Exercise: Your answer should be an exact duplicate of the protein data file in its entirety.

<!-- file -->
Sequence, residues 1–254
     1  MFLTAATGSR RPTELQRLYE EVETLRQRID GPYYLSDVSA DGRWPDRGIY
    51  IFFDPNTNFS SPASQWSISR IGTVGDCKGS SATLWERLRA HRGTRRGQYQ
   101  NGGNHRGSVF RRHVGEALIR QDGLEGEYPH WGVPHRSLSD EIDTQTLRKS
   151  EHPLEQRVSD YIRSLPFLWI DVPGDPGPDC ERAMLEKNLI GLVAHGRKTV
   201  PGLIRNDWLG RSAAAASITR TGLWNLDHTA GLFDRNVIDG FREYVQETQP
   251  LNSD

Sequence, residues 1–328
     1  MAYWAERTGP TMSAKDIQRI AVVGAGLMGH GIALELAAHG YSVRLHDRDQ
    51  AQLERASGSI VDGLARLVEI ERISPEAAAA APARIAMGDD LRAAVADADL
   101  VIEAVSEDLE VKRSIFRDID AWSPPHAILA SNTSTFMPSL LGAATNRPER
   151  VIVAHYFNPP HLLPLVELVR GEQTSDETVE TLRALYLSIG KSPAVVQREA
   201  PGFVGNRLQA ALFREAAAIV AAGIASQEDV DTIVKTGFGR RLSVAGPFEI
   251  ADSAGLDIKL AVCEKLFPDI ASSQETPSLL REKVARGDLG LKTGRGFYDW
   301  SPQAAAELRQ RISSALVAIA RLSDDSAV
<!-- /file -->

Sequence, residues 1–254
     1  MFLTAATGSR RPTELQRLYE EVETLRQRID GPYYLSDVSA DGRWPDRGIY
    51  IFFDPNTNFS SPASQWSISR IGTVGDCKGS SATLWERLRA HRGTRRGQYQ
   101  NGGNHRGSVF RRHVGEALIR QDGLEGEYPH WGVPHRSLSD EIDTQTLRKS
   151  EHPLEQRVSD YIRSLPFLWI DVPGDPGPDC ERAMLEKNLI GLVAHGRKTV
   201  PGLIRNDWLG RSAAAASITR TGLWNLDHTA GLFDRNVIDG FREYVQETQP
   251  LNSD

Sequence, residues 1–328
     1  MAYWAERTGP TMSAKDIQRI AVVGAGLMGH GIALELAAHG YSVRLHDRDQ
    51  AQLERASGSI VDGLARLVEI ERISPEAAAA APARIAMGDD LRAAVADADL
   101  VIEAVSEDLE VKRSIFRDID AWSPPHAILA SNTSTFMPSL LGAATNRPER
   151  VIVAHYFNPP HLLPLVELVR GEQTSDETVE TLRALYLSIG KSPAVVQREA
   201  PGFVGNRLQA ALFREAAAIV AAGIASQEDV DTIVKTGFGR RLSVAGPFEI
   251  ADSAGLDIKL AVCEKLFPDI ASSQETPSLL REKVARGDLG LKTGRGFYDW
   301  SPQAAAELRQ RISSALVAIA RLSDDSAV